Our Comments component will hold the list of all the comments, and its view will create a Comment component for each comment in that list. Each Comment component will use an Editor component to provide in-place editing of its content. These editors work autonomously using their own controls, and they emit an event if the content is changed or altered in any way. To take care of this, we need to re-emit this event with the name commentEdited from the Comment component. Now we only need to catch this event within our Comments component in order to update the list of comments with the changes. This is illustrated in the following part of the code:

onCommentEdited(comment, content) {
  const comments = this.comments.slice();
  if (content.length === 0) {
    comments.splice(comments.indexOf(comment), 1);
  } else {
    comments.splice(comments.indexOf(comment), 1, {
      user: comment.user,
      time: comment.time,

This method will be called for each individual Comment component that is repeated using the NgFor directive. From the view, we pass a reference to the comment object concerned, as well as the edited content we would receive from the Comment component event.

The comment object will only be used to determine the position of the updated comment within the comment list. If the new comment content is empty, we will remove the comment from the list. Otherwise, we will just create a copy of the previous comment object, change the content with the new edited content, and replace the old comment object in the list with the copy.

Finally, since we wanted to communicate the change in the comment list, we emitted an event using the commentUpdated output property.

With this, we have completed our commenting system, and now it’s time to make use of it. We already have an empty tab prepared for our project comments, and this is going to be the spot where we will add commenting capabilities using our commenting system.

First, let’s amend our Project component template, project/project.html, to include the commenting system:

  <ngc-tab name="Tasks">...</ngc-tab>
  <ngc-tab name="Comments">
    <ngc-comments [comments]="comments"
  <ngc-tab name="Activities"></ngc-tab>

This is as easy as it gets. Since we are paying attention to a clean component architecture, the inclusion of our commenting system really works like a breeze. The only thing we now need to ensure is that we provide a property on our project with a list of comments. We also need a way to react to changes if comments are updated within our Comments component. For this purpose, we will create an updateComments method.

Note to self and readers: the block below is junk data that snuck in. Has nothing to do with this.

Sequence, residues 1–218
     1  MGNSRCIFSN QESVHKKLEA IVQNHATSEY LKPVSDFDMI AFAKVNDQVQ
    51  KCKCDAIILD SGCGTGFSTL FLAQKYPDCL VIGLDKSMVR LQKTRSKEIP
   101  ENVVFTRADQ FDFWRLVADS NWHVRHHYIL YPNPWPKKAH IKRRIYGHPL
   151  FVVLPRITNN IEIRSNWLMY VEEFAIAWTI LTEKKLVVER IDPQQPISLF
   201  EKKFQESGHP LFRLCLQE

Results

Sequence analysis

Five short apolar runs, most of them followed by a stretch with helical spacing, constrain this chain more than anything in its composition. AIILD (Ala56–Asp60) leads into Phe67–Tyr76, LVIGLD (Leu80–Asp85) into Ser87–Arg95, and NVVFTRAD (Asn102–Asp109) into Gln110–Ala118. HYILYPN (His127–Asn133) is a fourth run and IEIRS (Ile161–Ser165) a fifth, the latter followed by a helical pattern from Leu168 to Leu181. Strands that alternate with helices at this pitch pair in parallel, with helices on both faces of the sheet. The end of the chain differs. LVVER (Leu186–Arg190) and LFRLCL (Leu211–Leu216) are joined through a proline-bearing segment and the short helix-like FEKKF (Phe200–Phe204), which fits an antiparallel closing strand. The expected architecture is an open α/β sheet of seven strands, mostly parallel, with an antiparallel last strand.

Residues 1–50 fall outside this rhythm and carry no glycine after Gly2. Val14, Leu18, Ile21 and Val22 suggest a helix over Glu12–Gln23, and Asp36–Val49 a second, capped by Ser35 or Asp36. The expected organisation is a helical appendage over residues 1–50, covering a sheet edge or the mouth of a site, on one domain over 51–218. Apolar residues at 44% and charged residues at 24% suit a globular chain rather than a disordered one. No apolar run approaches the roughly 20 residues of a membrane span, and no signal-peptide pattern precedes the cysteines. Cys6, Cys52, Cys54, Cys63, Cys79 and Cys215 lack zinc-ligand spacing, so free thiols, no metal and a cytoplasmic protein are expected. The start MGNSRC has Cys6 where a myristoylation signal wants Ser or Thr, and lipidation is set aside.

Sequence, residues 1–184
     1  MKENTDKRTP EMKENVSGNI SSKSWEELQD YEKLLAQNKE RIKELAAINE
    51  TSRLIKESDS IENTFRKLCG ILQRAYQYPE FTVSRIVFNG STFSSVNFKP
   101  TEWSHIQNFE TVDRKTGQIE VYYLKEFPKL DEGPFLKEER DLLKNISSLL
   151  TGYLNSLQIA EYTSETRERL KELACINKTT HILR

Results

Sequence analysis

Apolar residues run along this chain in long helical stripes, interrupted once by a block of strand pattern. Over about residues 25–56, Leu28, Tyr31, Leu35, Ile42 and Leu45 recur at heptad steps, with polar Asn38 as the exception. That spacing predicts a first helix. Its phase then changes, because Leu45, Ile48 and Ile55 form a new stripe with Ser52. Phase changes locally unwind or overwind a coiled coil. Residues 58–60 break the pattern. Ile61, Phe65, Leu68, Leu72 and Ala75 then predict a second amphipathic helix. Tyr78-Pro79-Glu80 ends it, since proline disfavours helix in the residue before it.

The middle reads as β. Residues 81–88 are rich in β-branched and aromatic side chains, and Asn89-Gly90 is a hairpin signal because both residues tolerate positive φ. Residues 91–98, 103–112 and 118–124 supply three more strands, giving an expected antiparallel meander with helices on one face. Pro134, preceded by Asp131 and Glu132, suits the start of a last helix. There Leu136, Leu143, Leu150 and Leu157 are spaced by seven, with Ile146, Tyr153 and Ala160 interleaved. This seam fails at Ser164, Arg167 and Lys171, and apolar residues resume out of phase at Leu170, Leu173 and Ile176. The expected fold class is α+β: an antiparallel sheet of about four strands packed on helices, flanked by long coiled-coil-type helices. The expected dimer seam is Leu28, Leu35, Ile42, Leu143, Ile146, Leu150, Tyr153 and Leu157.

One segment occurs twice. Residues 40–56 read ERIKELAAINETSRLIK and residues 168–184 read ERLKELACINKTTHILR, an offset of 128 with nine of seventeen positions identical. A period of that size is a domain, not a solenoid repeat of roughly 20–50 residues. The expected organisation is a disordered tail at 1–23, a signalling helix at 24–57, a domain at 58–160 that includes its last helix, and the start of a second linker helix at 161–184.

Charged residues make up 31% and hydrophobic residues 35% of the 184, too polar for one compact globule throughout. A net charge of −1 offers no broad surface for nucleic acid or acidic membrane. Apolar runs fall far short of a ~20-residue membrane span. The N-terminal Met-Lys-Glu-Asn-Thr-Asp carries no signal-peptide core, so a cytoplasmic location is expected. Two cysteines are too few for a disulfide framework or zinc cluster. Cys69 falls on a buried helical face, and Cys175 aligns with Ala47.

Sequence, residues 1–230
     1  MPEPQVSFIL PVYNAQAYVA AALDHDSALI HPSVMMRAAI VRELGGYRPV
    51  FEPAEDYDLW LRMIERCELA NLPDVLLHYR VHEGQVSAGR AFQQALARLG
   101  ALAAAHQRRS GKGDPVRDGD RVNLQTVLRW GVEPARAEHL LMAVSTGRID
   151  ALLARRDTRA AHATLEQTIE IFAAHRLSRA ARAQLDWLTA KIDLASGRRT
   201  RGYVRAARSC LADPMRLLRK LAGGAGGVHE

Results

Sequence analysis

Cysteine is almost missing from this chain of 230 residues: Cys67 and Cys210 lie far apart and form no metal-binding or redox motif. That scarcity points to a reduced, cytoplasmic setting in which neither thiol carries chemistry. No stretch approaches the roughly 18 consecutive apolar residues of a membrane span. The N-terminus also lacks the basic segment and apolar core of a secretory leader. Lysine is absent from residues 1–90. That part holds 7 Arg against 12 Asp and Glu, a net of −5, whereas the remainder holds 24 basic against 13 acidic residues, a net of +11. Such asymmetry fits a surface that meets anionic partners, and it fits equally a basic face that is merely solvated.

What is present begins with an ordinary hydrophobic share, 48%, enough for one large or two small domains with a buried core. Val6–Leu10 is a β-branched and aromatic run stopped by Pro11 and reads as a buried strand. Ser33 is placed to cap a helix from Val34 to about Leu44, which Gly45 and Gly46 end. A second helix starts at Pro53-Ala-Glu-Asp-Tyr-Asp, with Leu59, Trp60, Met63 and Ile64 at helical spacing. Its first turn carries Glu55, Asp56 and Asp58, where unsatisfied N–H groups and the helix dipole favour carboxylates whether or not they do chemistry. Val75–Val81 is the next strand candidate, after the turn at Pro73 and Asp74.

Let’s look at the component class changes within the project/project.js file:

export class Project {
  @Input() comments;
    updateComments(comments) {

Since we are already dealing with project updates in a general way and our Project component is emitting directly to our App component, where projects data will be persisted, the only thing we need to implement is an additional input property, as well as a method to handle comment updates



Within this Tutorial , we have successfully created a full-fledged commenting system that can be placed in various areas of our application to enable commenting. Users can interact with in-place editors to edit the content in comments, which gives them a great user experience.

While writing the code for our commenting system, we learned about the following topics:

  1. Implementing a simple pipe using the @Pipe annotation and the Moment.js library to provide relative time formatting
  2. Using the OnChanges life cycle hook to prevent unwanted or invalid values within input properties
  3. Using @ViewChild to obtain a reference to the components within the component sub-tree in order to establish direct communication
  4. Reusing the Editor component as an input field replacement and as an autonomous in-place editor within the Comment component